Torah, Torah, Torah!

Torah, Torah, Torah!

Chabad Lubavitch of Alexandria-Arlington gets its own holy text.

After more than a year of careful calligraphy, the Chabad Lubavitch of Alexandria-Arlington finally has its own Sefer Torah. The last letters of the handwritten document were scripted in a special ceremony at the Hilton Alexandria Mark Center before it was paraded in a grand procession to the Courtyard Marriott Pentagon South on Sept. 16.

“We like to call it the Chabad Marriott,” joked Rabbi Mardechai Newman, director of the Chabad Lubavitch of Alexandria-Arlington.

Because the congregation usually has an overflow crowd during the high holy days, its members need a large venue to hold special ceremonies. That is why the newly finished Torah was taken to the Marriott, where the book will hold a central place of significance.

“This Torah is a link in a holy and eternal chain reaching all the way back to Mount Sinai and up to the 21st century,” said Rabbi Newman.

One by one, members of the Chabad Lubavitch community participated in writing sections of the sacred text — the central document of Judaism revered by Jews through the ages. Children sang “Torah, Torah, Torah” as it was completed, initiating an afternoon of joyous dancing and celebrations.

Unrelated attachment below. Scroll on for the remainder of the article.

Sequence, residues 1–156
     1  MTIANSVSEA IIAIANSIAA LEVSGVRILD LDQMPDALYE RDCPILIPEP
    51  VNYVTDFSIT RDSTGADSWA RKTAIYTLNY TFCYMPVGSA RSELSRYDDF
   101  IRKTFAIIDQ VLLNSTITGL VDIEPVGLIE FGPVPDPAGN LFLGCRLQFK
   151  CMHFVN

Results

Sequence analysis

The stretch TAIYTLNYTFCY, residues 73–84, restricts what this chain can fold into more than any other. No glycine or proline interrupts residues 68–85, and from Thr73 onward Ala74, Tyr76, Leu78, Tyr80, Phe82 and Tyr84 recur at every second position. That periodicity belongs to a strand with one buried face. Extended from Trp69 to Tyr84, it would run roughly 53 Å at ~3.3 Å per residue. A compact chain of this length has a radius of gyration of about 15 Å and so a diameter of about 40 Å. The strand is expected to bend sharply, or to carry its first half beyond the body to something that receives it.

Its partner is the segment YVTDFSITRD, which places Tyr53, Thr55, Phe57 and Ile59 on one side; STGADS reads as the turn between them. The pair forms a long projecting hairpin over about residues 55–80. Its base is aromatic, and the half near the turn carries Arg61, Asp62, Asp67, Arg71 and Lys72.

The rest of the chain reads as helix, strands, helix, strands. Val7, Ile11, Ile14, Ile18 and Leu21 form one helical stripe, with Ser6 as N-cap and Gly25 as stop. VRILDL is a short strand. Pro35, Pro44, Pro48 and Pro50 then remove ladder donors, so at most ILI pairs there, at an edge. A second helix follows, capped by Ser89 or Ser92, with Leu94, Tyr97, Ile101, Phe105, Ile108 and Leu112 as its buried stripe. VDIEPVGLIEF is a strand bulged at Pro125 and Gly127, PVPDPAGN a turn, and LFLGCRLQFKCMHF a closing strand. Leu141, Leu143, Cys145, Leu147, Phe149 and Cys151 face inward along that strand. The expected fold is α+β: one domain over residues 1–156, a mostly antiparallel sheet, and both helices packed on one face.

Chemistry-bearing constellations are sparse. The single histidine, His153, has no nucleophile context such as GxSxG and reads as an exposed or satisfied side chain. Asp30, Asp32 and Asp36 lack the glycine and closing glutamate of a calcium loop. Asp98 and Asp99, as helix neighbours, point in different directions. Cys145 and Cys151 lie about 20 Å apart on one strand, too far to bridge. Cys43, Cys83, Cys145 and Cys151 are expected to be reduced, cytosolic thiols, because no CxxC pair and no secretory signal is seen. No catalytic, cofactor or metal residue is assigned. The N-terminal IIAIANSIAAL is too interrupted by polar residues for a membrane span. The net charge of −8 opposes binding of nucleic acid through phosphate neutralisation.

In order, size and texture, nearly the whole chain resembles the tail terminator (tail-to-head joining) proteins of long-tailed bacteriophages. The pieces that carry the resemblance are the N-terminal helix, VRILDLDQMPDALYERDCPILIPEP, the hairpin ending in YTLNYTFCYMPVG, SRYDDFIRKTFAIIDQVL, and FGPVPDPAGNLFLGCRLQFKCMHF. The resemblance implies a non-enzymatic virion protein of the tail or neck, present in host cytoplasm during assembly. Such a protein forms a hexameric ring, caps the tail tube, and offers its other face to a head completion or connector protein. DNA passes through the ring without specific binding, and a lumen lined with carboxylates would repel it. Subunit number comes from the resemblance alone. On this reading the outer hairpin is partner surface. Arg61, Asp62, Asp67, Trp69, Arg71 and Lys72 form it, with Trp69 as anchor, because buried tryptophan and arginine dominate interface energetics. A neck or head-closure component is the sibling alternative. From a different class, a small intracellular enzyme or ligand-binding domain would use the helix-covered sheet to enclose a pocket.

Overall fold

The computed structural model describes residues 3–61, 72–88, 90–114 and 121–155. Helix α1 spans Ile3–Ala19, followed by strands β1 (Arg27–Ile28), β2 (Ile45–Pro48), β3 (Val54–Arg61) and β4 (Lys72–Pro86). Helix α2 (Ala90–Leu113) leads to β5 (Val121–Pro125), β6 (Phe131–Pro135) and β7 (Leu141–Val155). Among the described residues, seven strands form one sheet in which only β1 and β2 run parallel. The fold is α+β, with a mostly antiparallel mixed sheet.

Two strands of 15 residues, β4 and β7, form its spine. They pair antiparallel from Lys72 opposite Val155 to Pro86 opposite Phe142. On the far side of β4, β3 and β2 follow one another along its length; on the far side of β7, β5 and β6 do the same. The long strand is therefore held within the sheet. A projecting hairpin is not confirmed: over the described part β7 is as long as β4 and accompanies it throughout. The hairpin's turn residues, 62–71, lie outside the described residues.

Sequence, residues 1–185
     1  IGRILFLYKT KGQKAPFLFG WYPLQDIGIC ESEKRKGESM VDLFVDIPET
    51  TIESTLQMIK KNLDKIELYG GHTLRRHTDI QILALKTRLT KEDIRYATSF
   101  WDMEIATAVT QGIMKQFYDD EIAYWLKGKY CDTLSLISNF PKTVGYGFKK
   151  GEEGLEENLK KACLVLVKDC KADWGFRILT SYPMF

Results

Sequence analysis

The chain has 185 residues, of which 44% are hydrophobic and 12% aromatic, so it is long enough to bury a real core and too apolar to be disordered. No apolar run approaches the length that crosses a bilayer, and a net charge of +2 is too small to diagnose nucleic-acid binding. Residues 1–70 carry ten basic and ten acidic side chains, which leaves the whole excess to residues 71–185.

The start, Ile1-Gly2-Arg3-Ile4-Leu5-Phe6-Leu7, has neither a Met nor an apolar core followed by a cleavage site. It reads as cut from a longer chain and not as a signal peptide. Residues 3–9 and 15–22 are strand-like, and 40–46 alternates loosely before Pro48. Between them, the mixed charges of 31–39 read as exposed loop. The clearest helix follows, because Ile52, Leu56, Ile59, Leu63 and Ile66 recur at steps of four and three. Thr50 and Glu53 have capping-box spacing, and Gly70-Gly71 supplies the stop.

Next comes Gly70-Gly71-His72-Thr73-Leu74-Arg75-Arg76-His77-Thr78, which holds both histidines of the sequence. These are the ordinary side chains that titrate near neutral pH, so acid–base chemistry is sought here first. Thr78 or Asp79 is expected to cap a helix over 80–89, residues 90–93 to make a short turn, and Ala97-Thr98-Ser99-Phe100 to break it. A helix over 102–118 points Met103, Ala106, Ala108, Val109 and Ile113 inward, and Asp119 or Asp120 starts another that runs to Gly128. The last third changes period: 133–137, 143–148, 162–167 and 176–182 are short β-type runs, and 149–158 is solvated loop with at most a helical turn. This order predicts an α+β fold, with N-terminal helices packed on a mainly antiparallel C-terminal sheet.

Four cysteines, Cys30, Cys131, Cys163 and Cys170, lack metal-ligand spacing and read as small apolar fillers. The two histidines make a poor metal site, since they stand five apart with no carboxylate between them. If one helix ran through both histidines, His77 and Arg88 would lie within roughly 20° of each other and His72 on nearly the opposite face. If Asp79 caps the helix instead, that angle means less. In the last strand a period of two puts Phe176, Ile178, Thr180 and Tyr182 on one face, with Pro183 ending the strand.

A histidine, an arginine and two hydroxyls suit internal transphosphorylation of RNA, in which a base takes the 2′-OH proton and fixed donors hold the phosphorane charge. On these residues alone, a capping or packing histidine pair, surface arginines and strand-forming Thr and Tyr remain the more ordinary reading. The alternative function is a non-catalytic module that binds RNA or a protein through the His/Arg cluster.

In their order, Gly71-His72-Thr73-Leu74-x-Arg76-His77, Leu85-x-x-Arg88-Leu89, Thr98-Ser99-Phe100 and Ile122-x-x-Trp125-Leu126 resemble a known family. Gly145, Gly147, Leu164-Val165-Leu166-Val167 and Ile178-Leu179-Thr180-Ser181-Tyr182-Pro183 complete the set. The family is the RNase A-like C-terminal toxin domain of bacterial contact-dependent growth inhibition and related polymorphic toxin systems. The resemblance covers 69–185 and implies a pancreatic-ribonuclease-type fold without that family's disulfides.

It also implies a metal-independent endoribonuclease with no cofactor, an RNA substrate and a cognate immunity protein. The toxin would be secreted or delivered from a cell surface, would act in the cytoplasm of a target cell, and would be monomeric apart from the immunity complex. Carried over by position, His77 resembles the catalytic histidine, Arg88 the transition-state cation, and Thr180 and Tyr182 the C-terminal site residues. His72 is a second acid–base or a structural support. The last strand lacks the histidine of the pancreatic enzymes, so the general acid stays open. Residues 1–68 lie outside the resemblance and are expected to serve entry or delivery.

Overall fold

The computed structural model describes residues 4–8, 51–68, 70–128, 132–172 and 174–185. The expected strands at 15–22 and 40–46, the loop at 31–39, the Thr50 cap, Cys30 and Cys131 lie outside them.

“People from the Holocaust did not have the privilege of doing this,” said Rebecca Johnson. “Germany just got its first rabbi since the Holocaust this week.”

Johnson said that the Chabad Lubavitch was a welcoming Jewish community, warmly embracing a wide variety of congregants. She said that she was especially impressed by its women’s group — led by the rabbi’s wife — that taught about Jewish traditions, Kosher cooking and holiday celebrations.

“She tries to teach Jewish women the rituals and traditions that we need to know to be a better Jewess,” Johnson said. “Education is an important part of this community."

ACCORDING TO JEWISH LAW, a Sefer Torah is written with a quill pen on a special kind of parchment called gevil or qlaf. Its production is one of the 613 commandments. Written entirely in Hebrew, the document contains 304,805 Hebrew letters with 42 lines of text per column. The parchment is treated with salt, flour and m’afatsim — a residue of wasp enzyme and tree bark. Because of the strict rules governing its creation, any error during its inscription renders the Torah invalid.

“The Torah leads us to Israel, the Jewish state and the Jewish state of mind,” said Jerome Chapman in an address to Chabad Lubavitch congregants. “If we can’t be in Israel, let us make sure that Israel is in us.”

The Alexandria Police Department and the city government worked with Chabad Lubavitch to shut down several streets on Sunday afternoon for the procession. Festive music blared as congregants danced around the sacred document. When they arrived at the Marriot, community members enjoyed a Kosher feast and visited with their Jewish friends.

"I have a lot of emotions about this,” said Johnson. “I’m happy but also angry that others didn’t have this privilege. I think it’s wonderful that we live in a place where we have the freedom to do this.”